One cool thing about being a dad is that I can roll out cliches like, “You’ll poke your eye out!” and “Eat your food; don’t you know kids are starving in Africa?” and they’re hearing these hoary old lines for the first time. These tidbits of intellectual lint come out of me like effervescent bubbles of genius, as far as they know.
So why not roll out classic movies from the 1980s as well? I’m talking stuff like The Thing and Iceman and the Star Trek films. And yes, The Karate Kid — the original one with Ralph Macchio and Pat Morita.
The Karate Kid is now all the more interesting to me as a storyteller and a martial artist. It’s in this second capacity that I approach you today in my mission to promote all things Brazilian Jiu-Jitsu.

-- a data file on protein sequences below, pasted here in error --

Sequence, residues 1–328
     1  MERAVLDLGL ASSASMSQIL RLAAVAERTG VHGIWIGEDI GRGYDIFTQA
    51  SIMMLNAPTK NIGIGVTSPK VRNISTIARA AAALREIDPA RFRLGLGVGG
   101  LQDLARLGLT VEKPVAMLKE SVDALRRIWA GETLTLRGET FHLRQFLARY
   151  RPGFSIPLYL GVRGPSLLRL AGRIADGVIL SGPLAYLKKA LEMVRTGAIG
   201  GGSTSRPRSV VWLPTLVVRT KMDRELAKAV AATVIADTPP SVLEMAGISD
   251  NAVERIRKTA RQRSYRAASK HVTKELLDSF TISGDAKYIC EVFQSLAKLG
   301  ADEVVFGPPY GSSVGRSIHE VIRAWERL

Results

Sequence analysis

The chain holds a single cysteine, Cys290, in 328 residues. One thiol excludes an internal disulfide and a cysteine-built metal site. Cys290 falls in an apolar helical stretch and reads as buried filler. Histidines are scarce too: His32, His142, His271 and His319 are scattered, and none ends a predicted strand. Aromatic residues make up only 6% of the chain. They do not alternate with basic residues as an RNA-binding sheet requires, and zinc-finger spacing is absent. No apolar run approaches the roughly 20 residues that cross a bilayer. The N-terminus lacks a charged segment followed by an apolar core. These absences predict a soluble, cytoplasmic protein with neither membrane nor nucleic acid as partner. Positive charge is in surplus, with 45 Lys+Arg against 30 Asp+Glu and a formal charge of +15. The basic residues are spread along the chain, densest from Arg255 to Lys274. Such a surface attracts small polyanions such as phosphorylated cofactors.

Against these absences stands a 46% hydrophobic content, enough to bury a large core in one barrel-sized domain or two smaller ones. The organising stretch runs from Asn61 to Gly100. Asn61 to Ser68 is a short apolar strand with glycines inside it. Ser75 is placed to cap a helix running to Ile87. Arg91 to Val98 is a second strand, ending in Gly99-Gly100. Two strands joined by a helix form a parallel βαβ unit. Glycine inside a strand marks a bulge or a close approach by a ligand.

I know — there ain’t no BJJ in The Karate Kid, right? That’s what you think.
There’s this one scene we watched last night before it was time for the nightly rounds of teeth brushing, jammies, and oh-my-god-look-at-this-pigsty-of-a-room.
In the “soccer fight scene,” one of the bullies from the Cobra Kai school slide-tackles Daniel during an after-school soccer game. Here it is from about 1:35 – 1:47.
I’m calling this the most realistic fight because that’s how most street fights go down. Forget about the crane stance at the All-Valley Karate Tournament at the story’s climax; attempting that in the real world will only get your own ass kicked when you fail to time the snap kick perfectly and when your attacker blocks your foot. The soccer fight immediately went to the ground, which is where most fights in the real world land.